Capilano University (CapU) has received a $450,000 donation from TD Bank Group to develop and strengthen the University’s Indigenous Digital Accelerator (IDA) program.
TD’s financial contribution will play a significant role in building this innovative program that works with Indigenous entrepreneurs in Western Canada to help them access unique educational opportunities, gain mentorship support and grow their business.
“Prioritizing funding support for Indigenous business owners has incredible impact for our people,” said Doreen Manuel, director of the Nat and Flora Bosa Centre for Film and Animation at CapU and a key member of the IDA team.
“The IDA program bridges gaps in digital skills and business training to help Indigenous entrepreneurs break through barriers and succeed in the tech, digital-creative and cultural sectors. Fostering successful Indigenous-led businesses leads to vibrant and healthy Indigenous communities.”
The IDA comes at a critical time for Indigenous-led businesses hit hard by the economic effects of COVID-19.
Approximately 85% of Indigenous-owned businesses are experiencing moderate to major impacts to their business model due to difficulty or inability to shift to virtual or digital service delivery, according to the Indigenous Business and Investment Council.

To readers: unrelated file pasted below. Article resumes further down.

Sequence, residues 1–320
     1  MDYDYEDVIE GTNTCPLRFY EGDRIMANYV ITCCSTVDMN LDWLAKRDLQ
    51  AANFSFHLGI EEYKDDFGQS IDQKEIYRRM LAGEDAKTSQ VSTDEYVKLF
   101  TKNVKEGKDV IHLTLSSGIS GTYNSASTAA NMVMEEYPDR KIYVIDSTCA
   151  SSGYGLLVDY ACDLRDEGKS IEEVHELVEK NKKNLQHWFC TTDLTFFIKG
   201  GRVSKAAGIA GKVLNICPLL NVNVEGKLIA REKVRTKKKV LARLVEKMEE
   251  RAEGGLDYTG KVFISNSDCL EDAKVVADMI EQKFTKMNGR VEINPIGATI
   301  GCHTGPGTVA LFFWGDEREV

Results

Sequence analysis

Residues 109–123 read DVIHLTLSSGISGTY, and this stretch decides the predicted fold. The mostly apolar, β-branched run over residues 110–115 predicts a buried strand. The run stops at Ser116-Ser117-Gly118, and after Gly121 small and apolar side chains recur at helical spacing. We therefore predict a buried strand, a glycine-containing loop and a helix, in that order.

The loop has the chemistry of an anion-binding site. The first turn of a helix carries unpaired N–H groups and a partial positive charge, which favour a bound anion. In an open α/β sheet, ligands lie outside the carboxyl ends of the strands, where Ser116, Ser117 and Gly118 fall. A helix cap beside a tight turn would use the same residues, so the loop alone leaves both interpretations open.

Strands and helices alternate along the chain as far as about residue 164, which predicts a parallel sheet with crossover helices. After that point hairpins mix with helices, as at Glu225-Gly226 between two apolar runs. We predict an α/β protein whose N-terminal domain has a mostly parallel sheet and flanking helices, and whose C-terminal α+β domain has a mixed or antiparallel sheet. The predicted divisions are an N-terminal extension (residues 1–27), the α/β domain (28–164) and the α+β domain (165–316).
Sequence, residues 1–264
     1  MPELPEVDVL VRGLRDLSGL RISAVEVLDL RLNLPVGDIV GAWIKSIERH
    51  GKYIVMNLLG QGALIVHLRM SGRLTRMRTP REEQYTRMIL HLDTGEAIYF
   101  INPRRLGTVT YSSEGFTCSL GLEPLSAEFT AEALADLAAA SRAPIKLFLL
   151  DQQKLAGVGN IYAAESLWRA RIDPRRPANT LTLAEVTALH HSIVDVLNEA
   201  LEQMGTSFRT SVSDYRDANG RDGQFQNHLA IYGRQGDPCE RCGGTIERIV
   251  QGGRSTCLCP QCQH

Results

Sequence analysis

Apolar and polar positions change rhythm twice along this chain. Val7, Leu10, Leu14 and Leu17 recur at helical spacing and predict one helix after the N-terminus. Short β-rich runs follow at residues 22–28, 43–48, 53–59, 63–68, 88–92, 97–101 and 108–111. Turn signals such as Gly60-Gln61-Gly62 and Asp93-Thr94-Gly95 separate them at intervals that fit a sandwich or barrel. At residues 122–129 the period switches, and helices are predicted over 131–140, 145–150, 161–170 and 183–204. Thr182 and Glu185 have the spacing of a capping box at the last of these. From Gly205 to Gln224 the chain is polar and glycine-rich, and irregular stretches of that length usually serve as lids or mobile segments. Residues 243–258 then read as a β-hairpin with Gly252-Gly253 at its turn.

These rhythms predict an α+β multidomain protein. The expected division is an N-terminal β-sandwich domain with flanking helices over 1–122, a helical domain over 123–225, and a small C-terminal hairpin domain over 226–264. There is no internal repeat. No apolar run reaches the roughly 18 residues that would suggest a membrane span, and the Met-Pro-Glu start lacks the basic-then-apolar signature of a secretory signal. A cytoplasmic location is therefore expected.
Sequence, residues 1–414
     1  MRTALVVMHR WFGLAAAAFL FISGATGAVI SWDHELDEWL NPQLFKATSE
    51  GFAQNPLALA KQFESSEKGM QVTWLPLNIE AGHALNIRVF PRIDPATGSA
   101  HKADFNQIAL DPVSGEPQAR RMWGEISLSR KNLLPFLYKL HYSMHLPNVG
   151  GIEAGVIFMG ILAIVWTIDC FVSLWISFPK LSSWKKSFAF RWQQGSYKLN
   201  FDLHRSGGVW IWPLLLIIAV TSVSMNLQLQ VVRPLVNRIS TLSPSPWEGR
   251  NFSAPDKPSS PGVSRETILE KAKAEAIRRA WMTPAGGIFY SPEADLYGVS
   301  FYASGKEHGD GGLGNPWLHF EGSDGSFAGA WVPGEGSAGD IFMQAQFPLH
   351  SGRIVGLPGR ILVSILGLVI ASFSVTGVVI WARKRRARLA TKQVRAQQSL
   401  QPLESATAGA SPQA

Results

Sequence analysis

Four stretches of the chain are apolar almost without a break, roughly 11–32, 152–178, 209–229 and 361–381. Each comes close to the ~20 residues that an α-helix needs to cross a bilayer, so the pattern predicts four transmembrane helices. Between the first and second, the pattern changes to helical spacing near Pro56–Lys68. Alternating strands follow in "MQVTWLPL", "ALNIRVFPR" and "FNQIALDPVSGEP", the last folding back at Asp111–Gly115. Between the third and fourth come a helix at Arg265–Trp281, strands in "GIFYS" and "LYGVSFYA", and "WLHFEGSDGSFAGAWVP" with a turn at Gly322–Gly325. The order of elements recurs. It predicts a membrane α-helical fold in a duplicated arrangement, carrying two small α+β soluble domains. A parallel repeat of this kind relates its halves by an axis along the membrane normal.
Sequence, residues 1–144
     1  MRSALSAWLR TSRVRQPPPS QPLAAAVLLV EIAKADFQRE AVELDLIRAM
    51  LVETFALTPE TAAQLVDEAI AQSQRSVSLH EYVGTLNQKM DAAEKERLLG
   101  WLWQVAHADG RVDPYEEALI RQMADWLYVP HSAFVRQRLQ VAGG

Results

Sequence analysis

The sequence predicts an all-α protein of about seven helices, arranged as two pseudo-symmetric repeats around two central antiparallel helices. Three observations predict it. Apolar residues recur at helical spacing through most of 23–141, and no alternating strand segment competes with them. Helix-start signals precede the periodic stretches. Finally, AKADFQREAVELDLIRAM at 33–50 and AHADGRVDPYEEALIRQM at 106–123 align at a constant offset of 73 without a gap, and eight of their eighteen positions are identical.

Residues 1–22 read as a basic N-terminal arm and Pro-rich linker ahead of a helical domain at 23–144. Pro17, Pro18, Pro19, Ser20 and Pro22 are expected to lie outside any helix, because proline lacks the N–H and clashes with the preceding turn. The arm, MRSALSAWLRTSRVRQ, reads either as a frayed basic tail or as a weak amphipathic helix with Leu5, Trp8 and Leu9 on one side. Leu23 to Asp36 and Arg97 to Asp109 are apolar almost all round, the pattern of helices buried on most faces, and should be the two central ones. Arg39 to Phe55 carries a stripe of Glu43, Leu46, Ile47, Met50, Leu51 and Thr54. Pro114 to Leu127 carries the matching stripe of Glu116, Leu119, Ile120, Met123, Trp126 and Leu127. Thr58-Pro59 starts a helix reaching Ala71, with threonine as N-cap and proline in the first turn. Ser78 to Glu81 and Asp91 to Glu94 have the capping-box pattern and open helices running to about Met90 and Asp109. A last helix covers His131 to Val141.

Working with 10 to 20 Indigenous businesses or organizations over the next three years, the IDA aims to help each one to scale up and grow to create 100 new jobs for Indigenous Peoples in the next five years and hundreds of student employment opportunities.
The program focuses on supporting Indigenous startups and companies with high growth, commercialization and technological potential to increase participation of Indigenous peoples in the digital-creative and cultural sectors including film, TV, games, digital media and communications.
“As we look to the future, we know part of our economic success will be predicated on the growth and sustainability of businesses and organizations in the province including those that are Indigenous-led,” said Andy Cribb, regional senior vice president, TD Pacific Region. “TD is proud to support a program that will encourage Indigenous participation in the economy, and it affirms our commitment to the prosperity of Indigenous Peoples and communities in Western Canada for years to come.”
This funding from the TD Ready Commitment – a community investment strategy by TD to support change, nurture progress and contribute to improved inclusivity – will be used to help address acute labour shortages in the digital sector, while creating opportunities for growth in new Indigenous digital IP, content, products and services.
Working in partnership with Indigenext, the University anticipates the IDA will result in a cluster of digitally focused businesses and organizations that will add to BC’s fast-growing digital-creative economy. The University formally launched the IDA program in April 2019 through an agreement with Western Economic Diversification Canada.